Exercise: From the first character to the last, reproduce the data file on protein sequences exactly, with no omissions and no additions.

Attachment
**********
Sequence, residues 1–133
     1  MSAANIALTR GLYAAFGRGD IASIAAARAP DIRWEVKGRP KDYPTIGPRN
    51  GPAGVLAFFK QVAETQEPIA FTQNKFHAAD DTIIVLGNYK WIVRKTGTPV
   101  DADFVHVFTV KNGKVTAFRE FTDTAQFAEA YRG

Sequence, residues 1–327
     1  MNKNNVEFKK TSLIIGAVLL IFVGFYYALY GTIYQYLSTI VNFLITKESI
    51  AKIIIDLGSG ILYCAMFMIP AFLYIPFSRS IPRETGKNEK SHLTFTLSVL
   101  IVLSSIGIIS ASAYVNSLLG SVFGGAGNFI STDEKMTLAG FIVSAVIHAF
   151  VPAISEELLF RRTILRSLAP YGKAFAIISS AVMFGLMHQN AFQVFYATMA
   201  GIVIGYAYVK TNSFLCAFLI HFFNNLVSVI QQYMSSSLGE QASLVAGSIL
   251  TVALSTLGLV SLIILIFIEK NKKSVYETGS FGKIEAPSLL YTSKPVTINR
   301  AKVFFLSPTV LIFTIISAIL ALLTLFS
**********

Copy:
Sequence, residues 1–133
     1  MSAANIALTR GLYAAFGRGD IASIAAARAP DIRWEVKGRP KDYPTIGPRN
    51  GPAGVLAFFK QVAETQEPIA FTQNKFHAAD DTIIVLGNYK WIVRKTGTPV
   101  DADFVHVFTV KNGKVTAFRE FTDTAQFAEA YRG

Sequence, residues 1–327
     1  MNKNNVEFKK TSLIIGAVLL IFVGFYYALY GTIYQYLSTI VNFLITKESI
    51  AKIIIDLGSG ILYCAMFMIP AFLYIPFSRS IPRETGKNEK SHLTFTLSVL
   101  IVLSSIGIIS ASAYVNSLLG SVFGGAGNFI STDEKMTLAG FIVSAVIHAF
   151  VPAISEELLF RRTILRSLAP YGKAFAIISS AVMFGLMHQN AFQVFYATMA
   201  GIVIGYAYVK TNSFLCAFLI HFFNNLVSVI QQYMSSSLGE QASLVAGSIL
   251  TVALSTLGLV SLIILIFIEK NKKSVYETGS FGKIEAPSLL YTSKPVTINR
   301  AKVFFLSPTV LIFTIISAIL ALLTLFS